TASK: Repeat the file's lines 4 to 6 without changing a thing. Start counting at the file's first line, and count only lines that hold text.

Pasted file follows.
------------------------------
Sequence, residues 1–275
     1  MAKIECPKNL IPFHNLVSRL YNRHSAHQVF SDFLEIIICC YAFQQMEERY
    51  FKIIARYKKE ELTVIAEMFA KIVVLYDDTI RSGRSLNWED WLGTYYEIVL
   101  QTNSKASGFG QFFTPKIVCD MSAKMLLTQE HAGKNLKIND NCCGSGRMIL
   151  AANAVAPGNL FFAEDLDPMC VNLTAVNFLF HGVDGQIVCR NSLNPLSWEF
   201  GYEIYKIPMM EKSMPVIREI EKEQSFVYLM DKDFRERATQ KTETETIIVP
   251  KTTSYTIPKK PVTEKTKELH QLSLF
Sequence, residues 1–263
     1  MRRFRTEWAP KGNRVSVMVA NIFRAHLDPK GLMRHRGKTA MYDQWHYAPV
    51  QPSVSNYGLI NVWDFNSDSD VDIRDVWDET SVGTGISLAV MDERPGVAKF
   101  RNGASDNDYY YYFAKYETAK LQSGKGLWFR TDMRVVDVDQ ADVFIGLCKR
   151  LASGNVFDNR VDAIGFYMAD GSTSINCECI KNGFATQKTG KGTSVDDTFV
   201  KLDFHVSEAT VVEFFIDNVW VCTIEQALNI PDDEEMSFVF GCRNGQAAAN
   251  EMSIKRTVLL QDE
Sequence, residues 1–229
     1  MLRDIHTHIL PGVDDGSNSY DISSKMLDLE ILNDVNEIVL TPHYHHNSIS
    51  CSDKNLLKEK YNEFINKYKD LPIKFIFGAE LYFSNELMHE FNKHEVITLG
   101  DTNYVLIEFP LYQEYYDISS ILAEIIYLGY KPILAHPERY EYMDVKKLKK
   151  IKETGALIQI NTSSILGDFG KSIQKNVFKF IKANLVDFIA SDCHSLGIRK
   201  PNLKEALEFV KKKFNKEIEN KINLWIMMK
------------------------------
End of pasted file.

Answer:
   101  QTNSKASGFG QFFTPKIVCD MSAKMLLTQE HAGKNLKIND NCCGSGRMIL
   151  AANAVAPGNL FFAEDLDPMC VNLTAVNFLF HGVDGQIVCR NSLNPLSWEF
   201  GYEIYKIPMM EKSMPVIREI EKEQSFVYLM DKDFRERATQ KTETETIIVP